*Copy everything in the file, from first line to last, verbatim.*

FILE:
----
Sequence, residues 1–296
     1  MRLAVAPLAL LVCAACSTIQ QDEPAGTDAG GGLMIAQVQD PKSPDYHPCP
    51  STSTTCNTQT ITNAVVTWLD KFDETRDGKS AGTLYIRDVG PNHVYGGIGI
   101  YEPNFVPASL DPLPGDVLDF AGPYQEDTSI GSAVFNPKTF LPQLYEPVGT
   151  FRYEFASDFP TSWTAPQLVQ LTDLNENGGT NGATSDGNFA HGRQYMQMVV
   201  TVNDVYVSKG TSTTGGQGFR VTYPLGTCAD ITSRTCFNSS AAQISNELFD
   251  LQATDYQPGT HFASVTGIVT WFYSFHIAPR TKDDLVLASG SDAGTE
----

Sequence, residues 1–296
     1  MRLAVAPLAL LVCAACSTIQ QDEPAGTDAG GGLMIAQVQD PKSPDYHPCP
    51  STSTTCNTQT ITNAVVTWLD KFDETRDGKS AGTLYIRDVG PNHVYGGIGI
   101  YEPNFVPASL DPLPGDVLDF AGPYQEDTSI GSAVFNPKTF LPQLYEPVGT
   151  FRYEFASDFP TSWTAPQLVQ LTDLNENGGT NGATSDGNFA HGRQYMQMVV
   201  TVNDVYVSKG TSTTGGQGFR VTYPLGTCAD ITSRTCFNSS AAQISNELFD
   251  LQATDYQPGT HFASVTGIVT WFYSFHIAPR TKDDLVLASG SDAGTE